Photo by John F. Russell
A tree stands out against a grey background Wednesday afternoon west of Steamboat Springs. Weather forecasts in the area called for strong winds and snow in the mountains starting Wednesday evening. The storm is expected to drop 8 to 16 inches of snow in mountain areas above 10,000 feet and 2 to 6 inches in downtown Steamboat by Friday morning.
Updated January 18, 2012 at 11:39 p.m.
Monday’s snowstorm increased the avalanche danger across Colorado, including in the mountains surrounding Steamboat Springs, according to the Colorado Avalanche Information Center. In the forecast posted Wednesday, the CAIC reported danger in the Steamboat zone, which includes the Flat Tops Wilderness Area, is “considerable on north, northeast, east and southeast aspects near and above tree line. The danger is moderate on south, southwest, west and northwest aspects near and above tree line as well as aspects below tree line.”
With snowstorms back in the forecast, the CAIC forecasters reported avalanche danger in the Steamboat zone is expected to increase Thursday and Friday and “the Steamboat zone could go into an avalanche cycle by this weekend.” For more information about avalanche danger, and to view a forecast map, click here.
Steamboat Springs A storm system that was forecast to arrive in Northwest Colorado on Wednesday night from the Oregon coast has the potential to dump 8 to 16 inches of snow on Mount Werner and the surrounding mountains before it starts to clear Friday morning, the National Weather Service in Grand Junction forecast Wednesday.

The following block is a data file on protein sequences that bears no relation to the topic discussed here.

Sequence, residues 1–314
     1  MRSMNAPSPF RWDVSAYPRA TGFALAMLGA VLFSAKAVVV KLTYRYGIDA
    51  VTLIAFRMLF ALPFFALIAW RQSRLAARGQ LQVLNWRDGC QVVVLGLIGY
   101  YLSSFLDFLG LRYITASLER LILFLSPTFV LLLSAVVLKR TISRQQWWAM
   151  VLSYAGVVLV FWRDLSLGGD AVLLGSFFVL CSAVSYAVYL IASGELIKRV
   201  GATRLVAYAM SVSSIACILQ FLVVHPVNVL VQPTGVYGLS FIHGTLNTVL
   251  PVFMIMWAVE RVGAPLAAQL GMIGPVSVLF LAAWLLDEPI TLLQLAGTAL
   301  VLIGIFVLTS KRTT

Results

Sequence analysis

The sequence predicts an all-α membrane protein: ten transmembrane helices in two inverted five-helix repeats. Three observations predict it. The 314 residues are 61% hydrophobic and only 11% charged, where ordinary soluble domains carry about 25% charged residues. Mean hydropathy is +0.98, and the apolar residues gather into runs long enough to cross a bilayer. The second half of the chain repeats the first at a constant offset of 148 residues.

The forecast office issued a winter storm warning for Mount Werner, Rabbit Ears Pass and the surrounding mountains Wednesday afternoon that continues through 9 a.m. Friday.
Ellen Heffernan, a meteorologist with the National Weather Service, said Northwest Colorado would see periods of snow through Friday morning while an energetic and moist flow from the Pacific Northwest covers Steamboat Springs. Forecasters predicted Wednesday afternoon that the Yampa Valley and downtown Steamboat would receive 2 to 6 inches of snow by Friday.
“The heaviest chance for snow in the mountains looks like it’s going to be” Thursday night, Heffernan said, adding that the Park Range should see the brunt of the storm system over Colorado. “There is still some uncertainty as to how widespread the (snowfall) is going to be.”
The Park Range extends from the Mount Zirkel Wilderness Area south to Mount Werner and Rabbit Ears Pass.
The Weather Service issued a wind advisory that called for sustained winds of 40 to 60 mph with gusts up to 80 mph above 10,000 feet Wednesday night. The wind was forecast to diminish Thursday.
Wind closed the Sunshine Express chairlift at Steamboat Ski Area at about 10:30 a.m. Wednesday, according to the resort, and Heffernan said a wind monitoring station at the Storm Peak Observatory recorded sustained winds of 25 mph and gusts of up to 44 mph Tuesday night through Wednesday morning.
Heffernan said another storm system forecast to arrive Saturday afternoon could bring an additional 4 to 6 inches of snow to Northwest Colorado through Sunday night.
“We have this flow that’s setting up, and it looks like we’re going to have periods of snow through this coming week,” she said. “We’ve had such dry conditions here lately, but we’re now starting to see a pattern change and more winter.”
To reach Scott Franz, call 970-871-4210 or email scottfranz@SteamboatToday.com